The Legacy Way Visitors’ Centre combines multimedia and exhibition design for an interactive, immersive experience.
January 30th, 2012
Film and video production company Graetzmedia aren’t afraid to try their hand at new things, recently completing an immersive environment for the Legacy Way Visitors’ Centre in Toowong, Queensland.
The brief called for a space that would effectively communicate the vision and construction process of Brisbane City Council’s Legacy Way, a 4.6 kilometre tunnel that will connect the Western Freeway at Brisbane’s Toowong to the Inner City Bypass at Kelvin Grove.
Graetzmedia used their experience in audiovisual technology to create a visitors’ centre that blends educational exhibition and experiential marketing to create an exciting form of community engagement that is all about the “end experience for the user,” explains Daniel Graetz of Graetzmedia.
“We’re used to creating content that has to achieve a certain feeling when you get to the end of it, and we approached [the visitors’ centre] the same way.”
4 distinct zones make up the experience – an entry foyer; a high definition meeting room, interactive tunnel experience and 2 zones representing the Western and Eastern tunnel portals.
Throughout the walk-through exhibit, visitors are greeted with custom multi-media packages and featurettes exploring the different elements of the Legacy Way project, all set within a custom-designed space.
The tunnel features screens mounted in the floor which simulate the different road layers that go into the floor of a tunnel, from bare rock to the finished surface.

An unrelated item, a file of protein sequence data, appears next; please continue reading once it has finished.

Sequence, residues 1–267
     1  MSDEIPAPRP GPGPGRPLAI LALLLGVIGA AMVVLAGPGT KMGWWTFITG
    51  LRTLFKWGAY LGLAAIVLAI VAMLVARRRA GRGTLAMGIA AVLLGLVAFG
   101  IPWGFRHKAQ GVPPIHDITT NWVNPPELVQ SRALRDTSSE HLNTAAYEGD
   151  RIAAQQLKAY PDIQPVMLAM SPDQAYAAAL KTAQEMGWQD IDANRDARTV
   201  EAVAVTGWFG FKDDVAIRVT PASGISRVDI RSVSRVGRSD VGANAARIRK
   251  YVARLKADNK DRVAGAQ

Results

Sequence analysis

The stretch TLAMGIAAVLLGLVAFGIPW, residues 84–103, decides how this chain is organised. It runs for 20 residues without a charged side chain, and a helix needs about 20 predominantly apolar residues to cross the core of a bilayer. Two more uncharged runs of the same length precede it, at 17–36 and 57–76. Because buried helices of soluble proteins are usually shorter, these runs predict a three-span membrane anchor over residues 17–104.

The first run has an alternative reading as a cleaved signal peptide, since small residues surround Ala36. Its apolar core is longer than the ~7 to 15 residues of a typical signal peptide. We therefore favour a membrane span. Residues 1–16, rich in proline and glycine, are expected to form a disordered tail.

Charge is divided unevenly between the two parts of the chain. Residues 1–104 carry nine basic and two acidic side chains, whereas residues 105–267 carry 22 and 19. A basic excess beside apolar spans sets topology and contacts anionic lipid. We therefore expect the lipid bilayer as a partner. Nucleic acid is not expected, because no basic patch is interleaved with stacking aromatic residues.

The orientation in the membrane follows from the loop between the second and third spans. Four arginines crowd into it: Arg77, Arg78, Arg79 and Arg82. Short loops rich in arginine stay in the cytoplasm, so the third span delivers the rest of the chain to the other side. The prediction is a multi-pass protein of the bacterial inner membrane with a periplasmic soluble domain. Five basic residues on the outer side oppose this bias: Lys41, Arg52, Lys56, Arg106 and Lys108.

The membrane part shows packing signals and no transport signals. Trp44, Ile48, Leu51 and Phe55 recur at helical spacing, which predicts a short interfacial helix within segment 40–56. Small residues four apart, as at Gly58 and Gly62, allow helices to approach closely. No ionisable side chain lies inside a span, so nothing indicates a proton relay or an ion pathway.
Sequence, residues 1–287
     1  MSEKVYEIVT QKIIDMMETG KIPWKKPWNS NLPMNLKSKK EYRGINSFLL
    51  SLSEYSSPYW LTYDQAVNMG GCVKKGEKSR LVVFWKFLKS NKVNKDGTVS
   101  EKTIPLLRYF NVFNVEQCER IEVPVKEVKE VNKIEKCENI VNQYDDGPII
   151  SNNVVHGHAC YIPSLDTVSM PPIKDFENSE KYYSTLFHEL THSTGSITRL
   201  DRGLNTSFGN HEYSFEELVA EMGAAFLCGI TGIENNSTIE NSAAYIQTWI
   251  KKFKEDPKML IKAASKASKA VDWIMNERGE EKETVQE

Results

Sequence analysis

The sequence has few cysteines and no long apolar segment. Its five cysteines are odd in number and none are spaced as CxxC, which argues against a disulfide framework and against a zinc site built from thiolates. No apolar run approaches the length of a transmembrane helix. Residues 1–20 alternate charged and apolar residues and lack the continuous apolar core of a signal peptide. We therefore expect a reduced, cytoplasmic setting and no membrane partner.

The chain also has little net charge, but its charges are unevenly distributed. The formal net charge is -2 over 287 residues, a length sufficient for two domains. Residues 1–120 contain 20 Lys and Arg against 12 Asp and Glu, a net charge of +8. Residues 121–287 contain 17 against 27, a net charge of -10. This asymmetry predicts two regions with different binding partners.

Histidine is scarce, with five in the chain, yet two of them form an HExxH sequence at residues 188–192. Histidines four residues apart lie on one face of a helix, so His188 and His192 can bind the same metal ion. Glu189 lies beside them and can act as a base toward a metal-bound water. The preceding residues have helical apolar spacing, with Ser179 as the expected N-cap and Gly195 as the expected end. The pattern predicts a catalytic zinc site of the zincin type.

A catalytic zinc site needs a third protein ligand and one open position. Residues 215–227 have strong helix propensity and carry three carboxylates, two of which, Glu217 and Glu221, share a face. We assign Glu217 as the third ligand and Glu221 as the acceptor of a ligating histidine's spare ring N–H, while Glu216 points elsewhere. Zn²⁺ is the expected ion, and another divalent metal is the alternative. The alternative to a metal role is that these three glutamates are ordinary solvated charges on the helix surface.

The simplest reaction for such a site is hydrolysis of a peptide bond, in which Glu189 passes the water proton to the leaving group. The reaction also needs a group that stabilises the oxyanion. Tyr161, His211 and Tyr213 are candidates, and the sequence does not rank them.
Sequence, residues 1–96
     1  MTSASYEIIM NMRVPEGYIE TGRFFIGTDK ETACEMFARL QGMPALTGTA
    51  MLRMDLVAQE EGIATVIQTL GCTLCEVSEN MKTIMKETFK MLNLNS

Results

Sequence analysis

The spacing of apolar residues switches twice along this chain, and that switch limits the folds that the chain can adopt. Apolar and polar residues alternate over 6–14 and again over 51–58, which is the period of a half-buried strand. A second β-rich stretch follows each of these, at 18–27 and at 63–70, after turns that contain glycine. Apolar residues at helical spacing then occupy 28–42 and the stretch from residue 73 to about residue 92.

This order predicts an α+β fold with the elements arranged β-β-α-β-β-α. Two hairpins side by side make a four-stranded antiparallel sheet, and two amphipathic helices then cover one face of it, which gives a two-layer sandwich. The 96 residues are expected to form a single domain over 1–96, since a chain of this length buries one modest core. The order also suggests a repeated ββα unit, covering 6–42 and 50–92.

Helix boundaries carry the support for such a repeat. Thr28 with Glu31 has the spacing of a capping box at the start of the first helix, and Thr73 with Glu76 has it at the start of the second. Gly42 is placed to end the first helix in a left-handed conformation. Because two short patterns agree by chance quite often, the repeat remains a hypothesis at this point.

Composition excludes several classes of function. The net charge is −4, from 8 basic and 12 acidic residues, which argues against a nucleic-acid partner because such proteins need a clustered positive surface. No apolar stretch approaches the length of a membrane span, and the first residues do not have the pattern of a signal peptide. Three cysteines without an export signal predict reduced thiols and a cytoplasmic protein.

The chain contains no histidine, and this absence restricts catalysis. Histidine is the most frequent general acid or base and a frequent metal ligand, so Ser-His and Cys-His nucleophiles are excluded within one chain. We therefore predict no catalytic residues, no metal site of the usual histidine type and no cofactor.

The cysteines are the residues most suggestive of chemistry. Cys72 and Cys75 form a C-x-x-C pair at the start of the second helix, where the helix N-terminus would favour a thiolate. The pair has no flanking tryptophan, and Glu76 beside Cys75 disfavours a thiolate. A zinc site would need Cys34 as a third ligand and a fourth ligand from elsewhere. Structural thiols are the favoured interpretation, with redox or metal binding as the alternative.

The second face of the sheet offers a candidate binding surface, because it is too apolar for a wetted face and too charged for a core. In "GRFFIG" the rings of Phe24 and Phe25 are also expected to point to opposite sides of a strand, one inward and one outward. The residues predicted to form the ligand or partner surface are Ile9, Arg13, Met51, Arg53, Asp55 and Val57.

The tunnel also lets visitors experience how a tunnel boring machine (TBM) works, with touchscreens displaying multimedia elements and high quality 3D models of the machinery.
“The touchscreen side of things is completely bespoke,” Graetz says. “We tried a few off-the-shelf multi-touch software packages and found that none of them had the right response or reliability… so our team basically started from scratch and reverse engineered the drivers that run the touch hardware.”
The visitors’ centre needed to appeal to and inform stakeholders, engineers – and even schoolchildren on excursions. A ’push the red button’ exhibit is a fun added element “for the kids”, says Graetz – on pushing a button the floor vibrates, and sound and animations simulate the drilling of a TBM.
“There is a real design sensibility to the centre to make it a place that would attract people and give them an enjoyable experience and chance to really engage with the project,” Graetz explains.
Photography: Jen Dainer
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